This article first appeared in Forum, The Edge Malaysia Weekly on November 15, 2021 - November 21, 2021
Corporate credit with terms pegged to companies’ environmental, social and governance (ESG) ratings has taken hold. In Southeast Asia, Singapore banks are leading the way in linking ESG risk assessment to their credit and pricing decisions for corporate clients, with a sharp focus on sustainable financing. DBS, for example, has more than doubled its sustainable financing target to reach S$50 billion by 2024.
Recent developments in capital markets also indicate a relationship between sustainability and share price performance. Stocks with higher ESG ratings have outperformed the market and shown greater resilience, a correlation that has persisted throughout the Covid-19 pandemic.
While the investment performance of public companies is well researched, analysis of the credit risk of private companies has been thin. Recently, however, Bain & Company applied statistical analysis to a large, representative sample of commercial customers in Dutch multinational Rabobank’s loan portfolio. The analysis confirms a strong relationship between customers’ sustainability practices and a lower risk of being in arrears.
Rabobank gathered ESG information from its 20,000 small and medium-size enterprise clients, using questions specific to their particular industries. Manufacturers, for instance, were asked whether they reused or cleaned waste and water, and which energy-saving measures they took. Agricultural clients were asked about land management and animal welfare. External data such as eco-certifications corroborated the account manager assessment.
Using this data, Bain analysed the differences between the top ESG performers and the bottom ones. We controlled for factors that can confound results, such as company size, profitability and levels of debt.
Our analysis found that clients with low ESG performance were about twice as likely to be in arrears as the high ESG performers, all else being equal. Separately, we investigated the ESG-risk relationship over time. We found that low ESG performers were about twice as likely as high performers to move into arrears over the year, even when they started from the same risk rating.
These results indicate a correlation between higher ESG performance and lower credit risk across different geographies and industries.
Exactly why sustainability correlates with lower risk is difficult to prove statistically because of the qualitative factors involved. Interviews with account managers, combined with our experience working with other banks on ESG-related initiatives, suggest that the quality of management plays an important role.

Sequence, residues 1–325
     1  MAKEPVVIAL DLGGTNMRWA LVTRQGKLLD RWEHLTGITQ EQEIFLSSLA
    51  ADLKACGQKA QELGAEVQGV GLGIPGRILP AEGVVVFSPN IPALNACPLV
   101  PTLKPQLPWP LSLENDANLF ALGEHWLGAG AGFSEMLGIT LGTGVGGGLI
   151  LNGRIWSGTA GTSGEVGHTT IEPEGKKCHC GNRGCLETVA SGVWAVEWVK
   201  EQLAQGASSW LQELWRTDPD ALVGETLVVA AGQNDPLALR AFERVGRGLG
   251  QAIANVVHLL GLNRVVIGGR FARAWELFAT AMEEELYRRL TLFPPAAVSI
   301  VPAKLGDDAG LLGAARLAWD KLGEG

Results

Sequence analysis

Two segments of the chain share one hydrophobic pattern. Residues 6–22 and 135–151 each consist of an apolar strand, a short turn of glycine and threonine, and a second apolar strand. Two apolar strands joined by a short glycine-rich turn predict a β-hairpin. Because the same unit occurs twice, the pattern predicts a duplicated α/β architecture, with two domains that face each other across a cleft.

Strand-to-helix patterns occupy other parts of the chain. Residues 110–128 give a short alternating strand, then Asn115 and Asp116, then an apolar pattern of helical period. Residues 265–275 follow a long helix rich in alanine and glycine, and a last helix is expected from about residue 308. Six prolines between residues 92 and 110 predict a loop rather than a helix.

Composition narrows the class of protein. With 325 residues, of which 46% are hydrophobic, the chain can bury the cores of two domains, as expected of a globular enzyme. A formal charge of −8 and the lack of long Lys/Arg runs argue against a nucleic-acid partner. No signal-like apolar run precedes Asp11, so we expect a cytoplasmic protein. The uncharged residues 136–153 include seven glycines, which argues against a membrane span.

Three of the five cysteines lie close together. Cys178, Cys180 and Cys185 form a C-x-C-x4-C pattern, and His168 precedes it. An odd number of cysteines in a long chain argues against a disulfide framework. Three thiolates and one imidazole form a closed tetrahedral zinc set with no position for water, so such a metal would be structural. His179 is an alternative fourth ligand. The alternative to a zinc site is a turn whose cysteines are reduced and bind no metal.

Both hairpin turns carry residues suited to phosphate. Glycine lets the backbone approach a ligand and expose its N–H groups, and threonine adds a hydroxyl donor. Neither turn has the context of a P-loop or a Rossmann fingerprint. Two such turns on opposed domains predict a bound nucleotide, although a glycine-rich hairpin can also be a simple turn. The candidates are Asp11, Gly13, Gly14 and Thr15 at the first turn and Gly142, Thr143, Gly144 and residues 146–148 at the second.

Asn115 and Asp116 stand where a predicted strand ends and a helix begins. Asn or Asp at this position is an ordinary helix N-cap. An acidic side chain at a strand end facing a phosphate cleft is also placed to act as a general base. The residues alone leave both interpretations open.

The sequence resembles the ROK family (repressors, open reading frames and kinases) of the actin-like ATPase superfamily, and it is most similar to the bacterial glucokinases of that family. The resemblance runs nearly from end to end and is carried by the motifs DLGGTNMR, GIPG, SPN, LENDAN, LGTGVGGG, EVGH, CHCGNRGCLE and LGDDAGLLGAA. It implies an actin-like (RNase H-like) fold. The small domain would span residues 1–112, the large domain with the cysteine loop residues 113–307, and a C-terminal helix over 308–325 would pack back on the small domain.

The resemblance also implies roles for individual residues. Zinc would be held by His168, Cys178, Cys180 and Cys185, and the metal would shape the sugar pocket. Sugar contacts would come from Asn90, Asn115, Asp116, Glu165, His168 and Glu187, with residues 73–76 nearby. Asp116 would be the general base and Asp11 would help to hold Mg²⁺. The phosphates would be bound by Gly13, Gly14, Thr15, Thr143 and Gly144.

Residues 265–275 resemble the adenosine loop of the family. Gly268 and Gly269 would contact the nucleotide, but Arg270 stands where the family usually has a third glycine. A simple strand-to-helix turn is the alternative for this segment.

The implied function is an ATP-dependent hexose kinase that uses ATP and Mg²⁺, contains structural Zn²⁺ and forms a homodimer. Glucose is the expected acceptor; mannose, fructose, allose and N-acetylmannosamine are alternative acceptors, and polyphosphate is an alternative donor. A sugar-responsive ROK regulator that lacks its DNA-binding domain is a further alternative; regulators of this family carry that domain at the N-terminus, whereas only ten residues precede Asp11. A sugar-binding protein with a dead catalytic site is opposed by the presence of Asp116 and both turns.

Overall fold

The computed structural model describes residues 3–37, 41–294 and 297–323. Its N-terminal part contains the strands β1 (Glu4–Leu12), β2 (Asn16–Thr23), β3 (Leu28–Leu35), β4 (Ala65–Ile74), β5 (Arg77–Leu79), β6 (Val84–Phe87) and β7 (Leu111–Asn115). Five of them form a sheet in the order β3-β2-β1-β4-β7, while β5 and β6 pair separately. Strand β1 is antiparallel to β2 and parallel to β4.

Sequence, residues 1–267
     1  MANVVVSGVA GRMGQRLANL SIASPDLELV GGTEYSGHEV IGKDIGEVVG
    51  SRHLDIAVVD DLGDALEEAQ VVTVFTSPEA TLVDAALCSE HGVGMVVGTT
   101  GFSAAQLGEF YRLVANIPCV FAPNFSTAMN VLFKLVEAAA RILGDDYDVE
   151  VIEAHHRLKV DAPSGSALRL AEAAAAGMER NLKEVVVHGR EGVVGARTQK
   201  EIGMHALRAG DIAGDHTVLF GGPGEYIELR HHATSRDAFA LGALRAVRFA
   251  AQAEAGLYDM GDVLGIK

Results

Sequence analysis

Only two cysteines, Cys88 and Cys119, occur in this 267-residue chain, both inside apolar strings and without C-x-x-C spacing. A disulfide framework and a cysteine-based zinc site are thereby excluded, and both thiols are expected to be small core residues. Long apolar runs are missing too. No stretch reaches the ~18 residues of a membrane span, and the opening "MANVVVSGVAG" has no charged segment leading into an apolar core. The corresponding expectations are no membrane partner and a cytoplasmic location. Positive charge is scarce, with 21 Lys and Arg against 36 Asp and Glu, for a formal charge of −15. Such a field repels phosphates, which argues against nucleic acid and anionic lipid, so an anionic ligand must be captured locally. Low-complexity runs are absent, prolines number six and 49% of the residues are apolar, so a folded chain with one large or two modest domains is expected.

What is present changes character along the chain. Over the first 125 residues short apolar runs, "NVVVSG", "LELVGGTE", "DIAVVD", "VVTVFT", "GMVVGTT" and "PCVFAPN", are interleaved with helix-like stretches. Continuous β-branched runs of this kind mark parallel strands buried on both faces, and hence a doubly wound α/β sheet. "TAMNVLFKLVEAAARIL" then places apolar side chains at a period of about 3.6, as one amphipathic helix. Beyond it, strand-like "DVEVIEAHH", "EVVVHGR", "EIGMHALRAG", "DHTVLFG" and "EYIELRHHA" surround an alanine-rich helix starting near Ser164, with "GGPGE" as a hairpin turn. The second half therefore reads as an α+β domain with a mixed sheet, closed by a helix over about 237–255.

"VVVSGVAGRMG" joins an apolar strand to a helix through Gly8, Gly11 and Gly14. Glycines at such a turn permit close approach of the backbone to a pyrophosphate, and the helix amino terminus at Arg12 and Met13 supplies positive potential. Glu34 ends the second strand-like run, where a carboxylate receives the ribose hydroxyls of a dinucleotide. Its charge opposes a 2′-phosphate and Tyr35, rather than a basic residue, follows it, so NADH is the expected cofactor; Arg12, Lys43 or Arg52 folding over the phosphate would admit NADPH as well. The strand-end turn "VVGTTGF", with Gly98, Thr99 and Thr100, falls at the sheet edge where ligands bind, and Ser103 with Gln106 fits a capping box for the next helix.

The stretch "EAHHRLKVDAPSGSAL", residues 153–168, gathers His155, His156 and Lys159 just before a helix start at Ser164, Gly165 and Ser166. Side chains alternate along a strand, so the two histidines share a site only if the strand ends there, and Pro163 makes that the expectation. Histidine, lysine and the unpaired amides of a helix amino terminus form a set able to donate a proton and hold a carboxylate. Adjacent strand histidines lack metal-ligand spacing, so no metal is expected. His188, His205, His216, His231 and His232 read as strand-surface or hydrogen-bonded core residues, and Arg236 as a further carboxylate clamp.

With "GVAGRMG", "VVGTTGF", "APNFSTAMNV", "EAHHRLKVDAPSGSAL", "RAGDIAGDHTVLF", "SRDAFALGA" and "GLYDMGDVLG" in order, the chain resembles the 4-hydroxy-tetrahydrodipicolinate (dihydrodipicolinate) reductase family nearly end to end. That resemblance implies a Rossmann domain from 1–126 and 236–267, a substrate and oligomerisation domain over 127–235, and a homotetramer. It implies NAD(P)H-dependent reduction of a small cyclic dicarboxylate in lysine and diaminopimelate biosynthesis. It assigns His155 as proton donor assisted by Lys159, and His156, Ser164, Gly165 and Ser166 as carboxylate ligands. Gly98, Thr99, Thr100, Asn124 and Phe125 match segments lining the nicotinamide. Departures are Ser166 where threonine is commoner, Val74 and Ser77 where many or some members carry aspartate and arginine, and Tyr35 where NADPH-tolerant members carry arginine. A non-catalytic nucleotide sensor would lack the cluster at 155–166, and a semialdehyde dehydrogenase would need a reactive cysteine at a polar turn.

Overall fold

Higher-calibre management establishes business models that foster financial stability and sustainability. Such investments can lead to greater operational efficiency, by reducing by-products and waste and by more efficiently allocating resources. In turn, efficient resource allocation improves a firm’s financial health and lowers its default risk.
For example, Rabobank sees that Dutch organic grocery chain Ekoplaza actively focuses on reducing food waste by optimising its supply chain and donating produce that is almost out of date. ESG-focused clients tend to have more efficient, long-term-oriented operations and thus pose a lower credit risk for the bank.
Given the durable connection between sustainability and risk, banks have an opportunity to improve their lending business through client management, risk assessment, loan pricing and funding.
Advanced client management. Client dialogues should expand to cover how performance on ESG dimensions affects the risk of default or falling into arrears, as well as the long-term benefits.
Enhanced risk assessment. Adding in-depth analysis of ESG variables will increase the accuracy of risk models, enabling banks to make more informed judgements about each client’s risk profile.
Adjusted loan pricing. Financial incentives will help motivate clients to invest in sustainability.
Improved funding cost. Funds have already been made available for ESG investment from sources such as Europe’s central banks. Investor demand for sustainable assets currently outstrips supply, so a bank that can securitise and sell its ESG-intensive loans will be able to obtain cheaper funding.
Many banks clearly want to further ESG goals in their own and their clients’ activities. Rabobank’s experience should give banks confidence that they can help attain these ambitions, and improve their economics in the bargain, by analysing and working with the private companies in their own portfolios.
Shazrul Asari is a partner at Bain & Company, based in Kuala Lumpur; Avishek Nandy is a partner in Singapore; and Dr Christian Graf is a partner based in Munich.
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